Office Girl (week 4)

Office Girl (week 4)

{In celebration of the release of Joe Meno’s new novel Office Girl, Annalemma.net is serializing the beginning of the novel over the next four weeks. Click to part 1, part 2 and part 3. Click over to Akashic Books for more info on Joe and Office Girl.}


From the guy she had been seeing a few months ago, will, who says he’s been trying to get in touch and he explains how he’d like his pink T-shirt back. And so she says okay and he comes on over. will’s gotten a goofy haircut, it’s longer in the back, and he’s growing one of those stupid ironic artist beards but he still looks pretty decent. And so she smiles and hands him his pink T-shirt, the one she stole from him, the one he made that says, I Love Soft Rock. It still smells exactly like him, like cigarettes and generic underarm deodorant. And also his dandruff shampoo, which she happens to know is what he uses for soap.

“So how have you been?” he asks, and all of a sudden she sees what this is.

“Did you come over here for your shirt or because you wanted to talk?”

“Neither,” he says defensively. “Both. I just thought I’d stop by and see you. Or is that against the law?”

“It’s not against the law,” she says, still suspicious. “How’s life?” “That’s the stupidest question I’ve ever heard.” “Sorry.” He smiles a little and then squints at her and asks,

“So what have you been doing?” “I’ve been thinking of starting my own art movement.” “really.” “It’s against anything popular. Even popular art.”

“Wow. That sounds great.”

“You are so full of it,” she says, even though both of them are smiling.

“So are you still the world’s worst dancer?” he asks, and she laughs because it’s such a bold, ridiculous question, because he knows she thinks she is the best dancer of all time and she has no choice but to roll her eyes at him and then he walks over to the stereo and puts on a CD he brought and then puts his hands around her waist and they begin dancing and she asks, “who is this?” and he says, “The Police,” and they dance some more, and it’s become an impromptu dance contest, and will is a pretty decent dancer and he puts his mouth beside her ear and asks, “Are you still quiet in bed?” and then they are lying in her bed, and he is taking off her sweater and then pulling down her jeans, and she is not stopping him, and she can feel his stupid blond beard against her cheek and his hand making its way down the front of her underwear and she thinks, I wish the two of us could just go to sleep, and so she closes her eyes and begins to dream she is in some other place, some imaginary city, farther and farther and farther away from the hands and lips and faces of all other people. And, in the dark, the condom he puts on is pink.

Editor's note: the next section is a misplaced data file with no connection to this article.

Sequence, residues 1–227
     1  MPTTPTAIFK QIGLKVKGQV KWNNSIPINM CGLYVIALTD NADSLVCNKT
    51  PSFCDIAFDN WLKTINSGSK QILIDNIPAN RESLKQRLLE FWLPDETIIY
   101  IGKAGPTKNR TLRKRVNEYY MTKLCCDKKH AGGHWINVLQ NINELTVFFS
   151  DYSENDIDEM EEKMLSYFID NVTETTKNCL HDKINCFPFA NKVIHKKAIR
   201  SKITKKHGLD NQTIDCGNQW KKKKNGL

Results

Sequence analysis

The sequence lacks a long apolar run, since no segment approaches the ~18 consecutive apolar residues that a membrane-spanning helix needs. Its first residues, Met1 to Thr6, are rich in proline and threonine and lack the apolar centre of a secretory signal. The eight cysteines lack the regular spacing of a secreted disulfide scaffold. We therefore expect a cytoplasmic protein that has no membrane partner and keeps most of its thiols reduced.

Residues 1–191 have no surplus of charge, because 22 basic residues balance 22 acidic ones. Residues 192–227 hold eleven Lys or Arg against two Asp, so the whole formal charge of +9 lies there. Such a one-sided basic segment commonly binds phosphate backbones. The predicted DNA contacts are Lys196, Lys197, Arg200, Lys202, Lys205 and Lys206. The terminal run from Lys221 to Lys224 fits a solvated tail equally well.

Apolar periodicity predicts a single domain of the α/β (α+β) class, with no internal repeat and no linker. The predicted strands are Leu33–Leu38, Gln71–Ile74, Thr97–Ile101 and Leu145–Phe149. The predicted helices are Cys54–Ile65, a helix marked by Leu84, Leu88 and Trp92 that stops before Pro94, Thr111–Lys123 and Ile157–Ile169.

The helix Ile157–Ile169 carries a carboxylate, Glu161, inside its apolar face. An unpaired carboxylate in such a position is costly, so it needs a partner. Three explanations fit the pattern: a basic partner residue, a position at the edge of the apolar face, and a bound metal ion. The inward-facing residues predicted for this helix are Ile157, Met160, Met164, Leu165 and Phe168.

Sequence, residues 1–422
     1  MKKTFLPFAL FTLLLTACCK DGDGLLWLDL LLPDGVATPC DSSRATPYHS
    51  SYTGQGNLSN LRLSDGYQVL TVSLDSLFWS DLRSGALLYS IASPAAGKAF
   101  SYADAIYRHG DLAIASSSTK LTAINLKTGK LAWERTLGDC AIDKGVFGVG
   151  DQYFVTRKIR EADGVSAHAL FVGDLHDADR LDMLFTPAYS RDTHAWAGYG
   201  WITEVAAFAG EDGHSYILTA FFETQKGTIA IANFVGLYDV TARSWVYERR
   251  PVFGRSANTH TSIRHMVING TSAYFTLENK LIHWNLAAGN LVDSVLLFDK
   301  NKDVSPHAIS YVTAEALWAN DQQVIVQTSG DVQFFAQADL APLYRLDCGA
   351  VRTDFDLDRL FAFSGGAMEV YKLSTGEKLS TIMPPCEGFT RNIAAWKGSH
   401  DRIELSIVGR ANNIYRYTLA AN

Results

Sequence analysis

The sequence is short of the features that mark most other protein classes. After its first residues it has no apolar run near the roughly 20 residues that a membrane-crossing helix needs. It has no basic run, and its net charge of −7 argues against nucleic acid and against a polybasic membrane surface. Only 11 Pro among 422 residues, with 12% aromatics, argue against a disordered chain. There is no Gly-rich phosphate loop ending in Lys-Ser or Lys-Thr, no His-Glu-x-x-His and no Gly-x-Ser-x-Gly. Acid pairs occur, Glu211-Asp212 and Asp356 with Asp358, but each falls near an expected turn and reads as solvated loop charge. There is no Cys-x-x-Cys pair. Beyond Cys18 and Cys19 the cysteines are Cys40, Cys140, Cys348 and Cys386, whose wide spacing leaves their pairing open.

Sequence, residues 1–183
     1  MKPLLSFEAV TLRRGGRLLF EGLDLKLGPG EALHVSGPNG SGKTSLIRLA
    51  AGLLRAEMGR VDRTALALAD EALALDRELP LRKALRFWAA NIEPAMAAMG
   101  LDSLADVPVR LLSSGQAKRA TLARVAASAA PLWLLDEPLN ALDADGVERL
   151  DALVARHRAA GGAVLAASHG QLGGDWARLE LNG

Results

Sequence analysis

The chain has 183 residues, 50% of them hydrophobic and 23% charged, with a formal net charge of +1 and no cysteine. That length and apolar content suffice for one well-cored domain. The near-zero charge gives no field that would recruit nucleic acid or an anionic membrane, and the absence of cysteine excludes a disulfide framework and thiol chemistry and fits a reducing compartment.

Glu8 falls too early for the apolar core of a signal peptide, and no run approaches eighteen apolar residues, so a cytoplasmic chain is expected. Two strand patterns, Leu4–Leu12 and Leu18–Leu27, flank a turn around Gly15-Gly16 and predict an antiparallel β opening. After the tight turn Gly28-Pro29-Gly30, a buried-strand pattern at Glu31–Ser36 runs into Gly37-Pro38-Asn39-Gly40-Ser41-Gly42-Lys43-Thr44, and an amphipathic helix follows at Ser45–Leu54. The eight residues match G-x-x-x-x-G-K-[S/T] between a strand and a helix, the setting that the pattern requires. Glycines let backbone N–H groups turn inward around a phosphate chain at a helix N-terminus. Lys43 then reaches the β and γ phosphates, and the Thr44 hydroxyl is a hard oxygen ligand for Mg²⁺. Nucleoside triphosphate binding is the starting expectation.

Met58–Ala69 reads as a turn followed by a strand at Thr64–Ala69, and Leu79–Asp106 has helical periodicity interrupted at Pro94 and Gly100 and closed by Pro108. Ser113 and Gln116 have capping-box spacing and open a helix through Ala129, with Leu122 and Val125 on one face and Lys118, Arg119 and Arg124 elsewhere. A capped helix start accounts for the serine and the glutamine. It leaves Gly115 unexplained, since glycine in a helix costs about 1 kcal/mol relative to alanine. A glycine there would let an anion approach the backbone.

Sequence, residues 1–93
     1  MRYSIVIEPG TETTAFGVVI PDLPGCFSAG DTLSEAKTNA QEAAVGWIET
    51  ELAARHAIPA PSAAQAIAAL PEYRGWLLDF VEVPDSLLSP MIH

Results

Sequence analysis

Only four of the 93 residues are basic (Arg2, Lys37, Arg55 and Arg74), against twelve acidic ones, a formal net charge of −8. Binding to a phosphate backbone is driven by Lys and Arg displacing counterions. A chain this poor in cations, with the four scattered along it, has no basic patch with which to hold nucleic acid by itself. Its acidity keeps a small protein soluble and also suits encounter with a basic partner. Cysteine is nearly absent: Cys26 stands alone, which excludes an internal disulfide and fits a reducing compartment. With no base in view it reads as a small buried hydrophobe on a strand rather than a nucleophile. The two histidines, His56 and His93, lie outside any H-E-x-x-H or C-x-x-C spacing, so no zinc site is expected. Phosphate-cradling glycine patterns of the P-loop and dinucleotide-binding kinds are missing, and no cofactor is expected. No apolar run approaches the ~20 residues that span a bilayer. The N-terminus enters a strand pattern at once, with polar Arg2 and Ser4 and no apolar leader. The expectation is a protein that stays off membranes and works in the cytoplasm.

And Odile finds out that her roommate Isobel has to get another abortion. It’s the second time it’s happened. Isobel comes in and sits down on Odile’s bed. Both of them are still in their striped pajamas, and together they stare down at the small white pregnancy test. There is something subtly terrifying about the pregnancy test’s impersonal mechanical shape and Odile can’t stop looking at it.

“Shit, shit, shit, shit, shit,” is all Isobel can manage to say. “Are you sure you did it right?” Odile asks. Isobel nods. Her face is wet with tears. Even now, even

crying, Odile knows her roommate is probably a lot prettier. “what are you going to do?” “I don’t know. I just called the clinic. It’s two hundred and

fifty dollars,” Isobel says. “I already made the appointment. It’s in three weeks. But I don’t have any money.”

“Did you tell Edward yet?”

“Not yet. He’s going to flip. I don’t know what we’re going to do. Neither one of us has any cash. He’s not even working right now. He’s just going to school.”

Odile makes a sound then that’s somewhere between a yawn and a sigh.

“Do you think you could ask your parents for it?” Isobel asks.

Odile feels her face get red. “What? I couldn’t. They already . . . I just can’t.”

Isobel nods. “well, there’s no way I’m telling my folks. They took care of the last one. I’m really screwed.”

Odile stands, walks across the room, and opens up a small white jewelry box. Inside the box is a mood ring, some jelly bracelets, a terrible necklace her ex-boyfriend Brandon once gave her that he got out of a toy machine at a supermarket, that’s shaped like a poodle, and two hundred and thirty-two dollars in wadded-up cash—it’s her part of the rent. And she counts the money, then again, and even though she doesn’t want to, she hands it over to Isobel.

“I don’t want you to have to worry about this,” Odile says. “But I don’t want to have to go with you again. To the appointment, I mean. I just can’t. It was too weird last time.”